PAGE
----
Last week I spent four days in New York City to spend time with my extended online family, my blogger friends. BlogHer to me isn’t about sessions, and learning from the speakers – I have been in enough many conferences to learn that the face-to-face time and round table discussions with people are much more valuable (to me) than the information learned in the sessions. The sessions can be great, usually are, but I have been just very lucky to get to know some of the most brilliant women and men in the blogging and social media industry, and listening to them in a smaller setting to me is more valuable.
There is much to say about sponsorships, swag and people who love the swag, and even question that if blogging conferences really are about connecting, engaging and learning, why we need corporate brands involved (for starters; to make it affordable for us). I am thankful for all of the sponsors of BlogHer conference, and all of those companies who hosted events during the conference. The fun events and more intimate settings offered perfect opportunities to connect with fellow bloggers, and the sponsored booths and suites offered a great opportunity for brands to get to know who we bloggers really are. Most importantly, the sponsors made BlogHer possible and affordable for us.
Our blogger community is very diverse; we have bloggers who despise the corporate involvement, and we have those who don’t care what they have to do to get the brands to notice them. I’m just trying to find a happy solution how we can all work together in peace, in a way that everyone benefits, and most importantly, you, my dear reader, benefit from it.
The talk about companies who are “using” bloggers is sort of funny; there is not such thing really – dear blogger friend, all you have to say is “no” if you think you are asked to do things that you are not comfortable with. Really, nobody can rape your blog but yourself.
What I think is even funnier are the bloggers who are going only for themselves, and what they can get out of this trendy brand-blogger relationship that we are all trying to figure out. I think what many bloggers forget about in this brand-blogger talk is YOU. You, who read our blogs, and how the relationships with brands can actually benefit you. Granted many bloggers posses the egos of size of 747s and their blogs mainly are about them, and how wonderful they are, and it’s understandable they also only think what they can get out of this. But most bloggers like to know that what they write actually means something to you, and matters to you. And it benefits you somehow – or inspires or entertains.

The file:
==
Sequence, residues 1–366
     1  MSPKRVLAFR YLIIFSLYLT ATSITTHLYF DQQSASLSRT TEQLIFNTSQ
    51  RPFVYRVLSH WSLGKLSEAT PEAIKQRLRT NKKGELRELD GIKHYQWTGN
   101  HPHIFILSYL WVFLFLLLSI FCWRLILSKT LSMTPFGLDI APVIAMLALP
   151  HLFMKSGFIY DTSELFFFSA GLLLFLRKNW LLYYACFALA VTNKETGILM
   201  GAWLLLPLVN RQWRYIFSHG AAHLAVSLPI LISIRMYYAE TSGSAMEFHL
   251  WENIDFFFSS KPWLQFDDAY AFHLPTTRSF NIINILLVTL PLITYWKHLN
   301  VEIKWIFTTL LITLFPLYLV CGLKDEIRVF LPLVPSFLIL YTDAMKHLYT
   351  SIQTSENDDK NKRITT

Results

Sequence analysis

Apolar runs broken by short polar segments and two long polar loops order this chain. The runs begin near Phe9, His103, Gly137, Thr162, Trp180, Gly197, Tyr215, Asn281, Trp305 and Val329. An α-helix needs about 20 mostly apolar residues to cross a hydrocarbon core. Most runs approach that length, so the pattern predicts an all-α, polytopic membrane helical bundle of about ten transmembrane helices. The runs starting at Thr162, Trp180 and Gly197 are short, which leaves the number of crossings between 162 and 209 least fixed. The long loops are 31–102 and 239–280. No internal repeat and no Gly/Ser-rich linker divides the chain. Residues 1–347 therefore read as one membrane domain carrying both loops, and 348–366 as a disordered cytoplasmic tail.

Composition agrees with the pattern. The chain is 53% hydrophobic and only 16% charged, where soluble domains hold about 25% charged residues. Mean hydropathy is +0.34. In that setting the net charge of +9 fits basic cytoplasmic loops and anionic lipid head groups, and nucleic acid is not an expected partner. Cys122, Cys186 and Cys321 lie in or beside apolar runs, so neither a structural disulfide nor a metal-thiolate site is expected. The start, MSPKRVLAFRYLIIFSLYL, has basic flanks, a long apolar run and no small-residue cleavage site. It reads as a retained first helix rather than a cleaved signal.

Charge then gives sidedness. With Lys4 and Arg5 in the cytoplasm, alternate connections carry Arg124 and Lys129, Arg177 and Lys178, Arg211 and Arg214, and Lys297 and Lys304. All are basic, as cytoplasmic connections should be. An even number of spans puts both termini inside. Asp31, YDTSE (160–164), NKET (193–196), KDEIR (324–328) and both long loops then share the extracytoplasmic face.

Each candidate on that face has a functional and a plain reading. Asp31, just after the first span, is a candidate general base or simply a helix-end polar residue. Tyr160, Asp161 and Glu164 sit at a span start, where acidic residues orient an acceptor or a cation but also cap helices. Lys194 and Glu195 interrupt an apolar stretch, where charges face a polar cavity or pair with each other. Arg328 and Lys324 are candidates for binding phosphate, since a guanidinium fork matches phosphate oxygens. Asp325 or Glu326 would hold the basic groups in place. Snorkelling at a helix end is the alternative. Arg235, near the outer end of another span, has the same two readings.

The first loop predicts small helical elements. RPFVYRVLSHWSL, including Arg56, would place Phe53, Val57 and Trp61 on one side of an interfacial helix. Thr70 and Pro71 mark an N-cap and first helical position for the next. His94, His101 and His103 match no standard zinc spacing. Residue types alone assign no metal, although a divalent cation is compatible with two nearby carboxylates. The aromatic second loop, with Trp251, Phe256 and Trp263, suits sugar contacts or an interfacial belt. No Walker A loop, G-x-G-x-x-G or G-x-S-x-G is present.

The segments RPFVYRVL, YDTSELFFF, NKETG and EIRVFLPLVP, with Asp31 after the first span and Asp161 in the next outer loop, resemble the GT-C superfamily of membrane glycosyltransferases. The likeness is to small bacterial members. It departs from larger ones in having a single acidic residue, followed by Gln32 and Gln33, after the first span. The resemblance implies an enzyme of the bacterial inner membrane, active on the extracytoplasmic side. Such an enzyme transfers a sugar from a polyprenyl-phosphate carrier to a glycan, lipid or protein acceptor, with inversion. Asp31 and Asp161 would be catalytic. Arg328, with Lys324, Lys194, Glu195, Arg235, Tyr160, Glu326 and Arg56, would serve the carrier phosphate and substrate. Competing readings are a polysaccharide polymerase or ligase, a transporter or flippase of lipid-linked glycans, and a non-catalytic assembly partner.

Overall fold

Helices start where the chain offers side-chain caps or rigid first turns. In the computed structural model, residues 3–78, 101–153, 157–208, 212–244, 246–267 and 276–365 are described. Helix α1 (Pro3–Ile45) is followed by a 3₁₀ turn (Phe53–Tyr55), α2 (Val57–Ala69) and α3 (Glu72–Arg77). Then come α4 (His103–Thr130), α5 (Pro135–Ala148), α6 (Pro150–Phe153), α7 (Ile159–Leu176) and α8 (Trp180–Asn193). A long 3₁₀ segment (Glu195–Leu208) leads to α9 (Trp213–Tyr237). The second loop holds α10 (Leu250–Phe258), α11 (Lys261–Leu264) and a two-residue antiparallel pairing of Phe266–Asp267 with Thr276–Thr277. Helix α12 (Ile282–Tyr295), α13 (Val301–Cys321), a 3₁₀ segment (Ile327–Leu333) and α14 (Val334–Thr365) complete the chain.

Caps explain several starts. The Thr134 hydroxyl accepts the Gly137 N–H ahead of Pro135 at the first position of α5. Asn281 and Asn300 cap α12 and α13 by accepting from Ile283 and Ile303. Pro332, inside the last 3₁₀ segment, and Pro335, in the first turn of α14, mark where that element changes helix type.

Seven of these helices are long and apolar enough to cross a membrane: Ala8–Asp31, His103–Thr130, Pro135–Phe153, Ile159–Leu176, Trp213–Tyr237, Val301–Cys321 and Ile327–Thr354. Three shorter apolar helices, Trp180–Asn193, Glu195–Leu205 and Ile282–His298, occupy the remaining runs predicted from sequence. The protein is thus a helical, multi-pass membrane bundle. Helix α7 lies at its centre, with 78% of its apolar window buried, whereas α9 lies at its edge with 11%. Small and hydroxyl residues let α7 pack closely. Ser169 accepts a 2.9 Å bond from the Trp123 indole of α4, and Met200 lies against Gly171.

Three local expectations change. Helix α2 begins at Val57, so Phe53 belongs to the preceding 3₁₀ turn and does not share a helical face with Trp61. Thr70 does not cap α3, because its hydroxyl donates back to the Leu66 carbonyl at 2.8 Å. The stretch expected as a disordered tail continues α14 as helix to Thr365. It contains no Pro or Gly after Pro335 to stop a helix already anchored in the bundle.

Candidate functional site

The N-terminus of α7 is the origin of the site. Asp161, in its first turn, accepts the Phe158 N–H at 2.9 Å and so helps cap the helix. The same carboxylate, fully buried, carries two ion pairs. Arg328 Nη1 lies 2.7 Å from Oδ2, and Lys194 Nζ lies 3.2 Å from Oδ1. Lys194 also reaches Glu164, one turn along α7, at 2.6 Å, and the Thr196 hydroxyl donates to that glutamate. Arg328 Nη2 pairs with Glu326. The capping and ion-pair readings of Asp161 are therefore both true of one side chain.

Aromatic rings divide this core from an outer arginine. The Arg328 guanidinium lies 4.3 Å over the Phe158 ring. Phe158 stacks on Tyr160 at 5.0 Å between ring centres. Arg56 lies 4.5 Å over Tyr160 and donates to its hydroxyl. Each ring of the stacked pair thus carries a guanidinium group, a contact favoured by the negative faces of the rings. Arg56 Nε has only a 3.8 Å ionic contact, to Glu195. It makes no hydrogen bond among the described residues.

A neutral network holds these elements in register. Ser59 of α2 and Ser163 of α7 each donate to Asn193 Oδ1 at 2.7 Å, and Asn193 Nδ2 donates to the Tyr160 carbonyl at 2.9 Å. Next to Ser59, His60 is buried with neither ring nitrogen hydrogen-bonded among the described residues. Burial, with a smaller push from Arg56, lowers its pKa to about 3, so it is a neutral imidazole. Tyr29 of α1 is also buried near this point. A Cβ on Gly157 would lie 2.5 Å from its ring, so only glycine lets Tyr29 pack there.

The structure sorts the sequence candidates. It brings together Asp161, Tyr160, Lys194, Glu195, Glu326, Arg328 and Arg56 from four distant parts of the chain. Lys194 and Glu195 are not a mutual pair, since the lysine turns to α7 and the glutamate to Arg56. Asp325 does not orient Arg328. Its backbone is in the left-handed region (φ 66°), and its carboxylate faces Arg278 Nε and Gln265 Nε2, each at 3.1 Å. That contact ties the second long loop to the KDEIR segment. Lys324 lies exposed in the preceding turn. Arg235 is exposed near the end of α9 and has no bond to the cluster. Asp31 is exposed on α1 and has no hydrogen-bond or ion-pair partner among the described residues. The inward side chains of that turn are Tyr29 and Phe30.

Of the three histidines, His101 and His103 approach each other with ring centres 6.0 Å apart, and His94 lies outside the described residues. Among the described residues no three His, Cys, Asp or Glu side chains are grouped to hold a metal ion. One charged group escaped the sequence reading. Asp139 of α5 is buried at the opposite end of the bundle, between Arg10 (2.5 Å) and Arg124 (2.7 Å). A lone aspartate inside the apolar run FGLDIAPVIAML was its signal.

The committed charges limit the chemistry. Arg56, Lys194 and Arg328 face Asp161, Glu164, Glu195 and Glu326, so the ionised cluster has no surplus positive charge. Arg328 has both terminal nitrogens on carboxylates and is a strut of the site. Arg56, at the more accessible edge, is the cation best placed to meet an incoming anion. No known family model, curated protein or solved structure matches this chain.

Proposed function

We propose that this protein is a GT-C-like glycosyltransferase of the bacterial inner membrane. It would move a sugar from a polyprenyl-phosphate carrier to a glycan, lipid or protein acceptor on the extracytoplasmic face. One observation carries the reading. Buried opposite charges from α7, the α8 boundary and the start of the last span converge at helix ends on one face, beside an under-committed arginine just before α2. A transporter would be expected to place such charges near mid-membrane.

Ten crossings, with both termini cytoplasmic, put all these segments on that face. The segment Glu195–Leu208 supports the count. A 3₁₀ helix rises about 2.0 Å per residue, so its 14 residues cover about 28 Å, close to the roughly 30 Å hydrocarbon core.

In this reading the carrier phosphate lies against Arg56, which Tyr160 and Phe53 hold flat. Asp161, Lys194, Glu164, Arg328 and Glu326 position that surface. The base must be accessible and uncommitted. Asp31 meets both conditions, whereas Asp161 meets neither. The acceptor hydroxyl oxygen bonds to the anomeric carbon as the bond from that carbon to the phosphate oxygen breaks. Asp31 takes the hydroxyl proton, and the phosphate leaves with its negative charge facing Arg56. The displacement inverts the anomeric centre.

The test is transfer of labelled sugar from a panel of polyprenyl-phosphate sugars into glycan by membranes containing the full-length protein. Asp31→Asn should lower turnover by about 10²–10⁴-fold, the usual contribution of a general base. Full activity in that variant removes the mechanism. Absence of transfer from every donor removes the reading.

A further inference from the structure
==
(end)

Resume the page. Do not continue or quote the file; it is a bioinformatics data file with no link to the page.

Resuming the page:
This is when being “in the know” with the companies who make products we buy is sort of cool. You will get to hear about products that you need and want from bloggers you like, and the bloggers get your comments in our blogs directly to companies. Many bloggers actually care enough to get the feedback that we hear in our blogs and our Twitter streams back to the companies. And many companies actually care enough to listen what we all collectively have to say, and the brave ones even make changes to their products, the way they are packaged, and the way they are sold based on this feedback.
Now this is the part why I think brand-blogger relationship is so amazing – we really have a collective voice and someone is listening, and we together can influence what kind of products are in the market, or how they are sold. I don’t see the brand-blogger relationship only as a way to market products to you in a way that makes sense to you (you wouldn’t be reading let’s say fashion blogs, if you didn’t want to know about the latest fashion clothing). I see it as part of the future how we all can influence not just how brands market their products but that they make products we want.
I salute those companies who have interest in hearing our opinions, and engaging with us and making a difference together with us. I thank those companies who sponsor events like BlogHer, Type-A-Mom Conference, EVO Conference and Bloggy Boot Camps. They are taking part and supporting what we do, and ultimately saying this is important. The relationship between you and I is important. I think it has a very deep reflection on our society right now, that the relationship between citizen journalists and their readers have become so important.
Now – at the same time, there are sponsoring companies who go back to their headquarters to scratch their heads why did we get involved with this humongous group of women, and probably are as overwhelmed as the first time bloggers who attended BlogHer. They are asking for ROI, and trying to figure out if they got bang for their buck, and emailing now all of the bloggers they met what they should write about their products. These companies are like the bloggers who are going only for themselves, and I think whatever you do in social media, if your only goal is to make things better for yourself, you will fail. Social media is about community, about people, not about products, not about promotion and marketing.
Most brands and bloggers I spoke with went back home from BlogHer energized, bag full of new ideas, and ready to change the world, together. I’m sure some of them got it from inspiring sessions, but I got my inspiration from connecting with brilliant people.